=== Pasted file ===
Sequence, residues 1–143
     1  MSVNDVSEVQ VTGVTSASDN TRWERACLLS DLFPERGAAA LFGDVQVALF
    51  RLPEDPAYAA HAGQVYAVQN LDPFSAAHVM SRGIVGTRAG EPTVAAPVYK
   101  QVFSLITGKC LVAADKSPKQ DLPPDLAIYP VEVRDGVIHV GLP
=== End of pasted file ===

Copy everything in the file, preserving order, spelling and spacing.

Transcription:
Sequence, residues 1–143
     1  MSVNDVSEVQ VTGVTSASDN TRWERACLLS DLFPERGAAA LFGDVQVALF
    51  RLPEDPAYAA HAGQVYAVQN LDPFSAAHVM SRGIVGTRAG EPTVAAPVYK
   101  QVFSLITGKC LVAADKSPKQ DLPPDLAIYP VEVRDGVIHV GLP